EPI Research (Page 27 )

  • The Consequences of Indexing the Minimum Wage to Average Wages in the U.S. Economy

    May 1995

    Two consistent themes have echoed throughout the current debate over the future of the minimum wage: minimum-wage workers today have been left behind by the overall growth in wages; and, mandated wage increases are desirable because most minimum wage workers are adults and have families to support. Both of these assertions are based on simplistic views of the workforce. Neither stands up to close scrutiny,…

  • Jobs Taken by Mothers Moving From Welfare to Work: And the Effects of Minimum Wages on this Transition

    February 1995

    Raising the earnings of welfare recipients, primarily women attempting to move into the workforce, remains the chief obstacle in reforming the welfare system. One widely discussed option has been to raise the minimum wage. Advocates of higher minimum wages call for an increase in order to make work more attractive and create sufficient monetary incentive for individuals to leave the welfare system and move into…

  • Minimum Wage Laws and the Distribution of Employment

    January 1995

    The desirability of raising the minimum wage has long revolved around just one question: the effect of higher minimum wages on the overall level of employment. This report adds an important new dimension to that debate by showing that an even more critical effect of the minimum wage rests on the composition of employment — who gets the minimum wage job.

    Kevin Lang’s paper focuses…

  • Mandates in Employment: A History of Added Burdens on the Unskilled

    August 1994

    University of Massachusetts, Amherst economist Simon Rottenberg’s examination of mandates in employment in employment is a stark reminder of the potentially devastating effects of mandated employer-provided health insurance. Commissioned by the Employment Policies Institute, the study not only points out the difference among various occupational categories but explains how these factors determine differences in the size and composition of compensation packages. In the context of…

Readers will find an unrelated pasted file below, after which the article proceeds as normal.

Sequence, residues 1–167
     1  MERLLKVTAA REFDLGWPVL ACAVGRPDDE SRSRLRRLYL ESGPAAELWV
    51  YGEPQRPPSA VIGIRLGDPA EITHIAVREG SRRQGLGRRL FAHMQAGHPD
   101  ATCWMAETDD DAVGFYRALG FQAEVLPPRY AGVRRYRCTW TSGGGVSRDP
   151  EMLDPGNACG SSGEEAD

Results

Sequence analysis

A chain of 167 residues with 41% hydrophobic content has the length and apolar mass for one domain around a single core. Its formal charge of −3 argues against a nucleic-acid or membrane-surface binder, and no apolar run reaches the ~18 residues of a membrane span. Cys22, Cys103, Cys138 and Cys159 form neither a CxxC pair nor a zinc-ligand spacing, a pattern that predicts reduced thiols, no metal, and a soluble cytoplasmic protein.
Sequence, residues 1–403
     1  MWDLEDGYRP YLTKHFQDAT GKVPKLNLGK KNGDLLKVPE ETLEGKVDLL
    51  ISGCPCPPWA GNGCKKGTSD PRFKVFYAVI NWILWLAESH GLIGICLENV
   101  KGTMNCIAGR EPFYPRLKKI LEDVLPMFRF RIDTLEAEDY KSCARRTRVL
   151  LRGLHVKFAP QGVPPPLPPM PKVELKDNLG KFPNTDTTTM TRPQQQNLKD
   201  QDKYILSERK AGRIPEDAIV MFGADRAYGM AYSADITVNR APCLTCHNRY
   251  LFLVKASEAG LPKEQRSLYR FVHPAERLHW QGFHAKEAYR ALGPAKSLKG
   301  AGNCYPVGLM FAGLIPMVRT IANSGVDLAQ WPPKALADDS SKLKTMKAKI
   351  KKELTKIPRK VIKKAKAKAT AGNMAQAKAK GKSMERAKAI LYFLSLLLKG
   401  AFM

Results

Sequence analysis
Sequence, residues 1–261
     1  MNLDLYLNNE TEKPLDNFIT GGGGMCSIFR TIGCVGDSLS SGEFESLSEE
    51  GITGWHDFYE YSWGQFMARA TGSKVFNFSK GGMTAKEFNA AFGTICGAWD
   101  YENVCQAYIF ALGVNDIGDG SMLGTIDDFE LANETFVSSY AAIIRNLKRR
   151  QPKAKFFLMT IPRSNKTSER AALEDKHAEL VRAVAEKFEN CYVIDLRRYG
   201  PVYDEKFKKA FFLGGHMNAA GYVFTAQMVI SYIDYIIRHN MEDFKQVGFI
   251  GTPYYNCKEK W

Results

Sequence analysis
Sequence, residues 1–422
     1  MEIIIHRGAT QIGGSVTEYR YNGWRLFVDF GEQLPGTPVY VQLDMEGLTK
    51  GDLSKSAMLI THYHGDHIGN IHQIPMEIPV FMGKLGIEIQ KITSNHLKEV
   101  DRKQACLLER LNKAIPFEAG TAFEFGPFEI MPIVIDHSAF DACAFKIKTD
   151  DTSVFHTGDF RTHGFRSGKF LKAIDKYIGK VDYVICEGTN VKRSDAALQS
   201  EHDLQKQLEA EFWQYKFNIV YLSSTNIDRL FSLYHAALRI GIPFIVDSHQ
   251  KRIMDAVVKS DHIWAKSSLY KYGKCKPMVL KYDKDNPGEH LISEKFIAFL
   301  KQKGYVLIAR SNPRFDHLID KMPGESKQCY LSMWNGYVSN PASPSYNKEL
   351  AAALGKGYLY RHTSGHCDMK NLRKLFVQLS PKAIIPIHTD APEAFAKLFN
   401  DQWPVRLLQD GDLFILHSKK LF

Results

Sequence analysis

• Labor Demand Elasticities and Clinton Health Care Reform

    July 1994

    At a White House press conference in October of 1993, Secretary of Labor Robert Reich and Laura D’Andrea Tyson, Chair of the Council of Economic Advisors, released a paper criticizing estimates of job losses from employer mandates to pay for health care reform.1

    A specific target of their criticism was a study—The Impact of a Health insurance Mandate on Labor Costs and Employment—carried out by…

  • The Impact of a Health Insurance Mandate on Labor Costs and Employment

    September 1993

    Speaking to the American Hospital Association in August 1993, Hillary Rodham Clinton question why companies that do not provide health insurance to their employees should be allowed to “get what amounts to a free ride.”

    With these words Mrs. Clinton—who has well learned the inner workings and flaws of the nation’s health care system—indicated that she had no idea at all of how health care…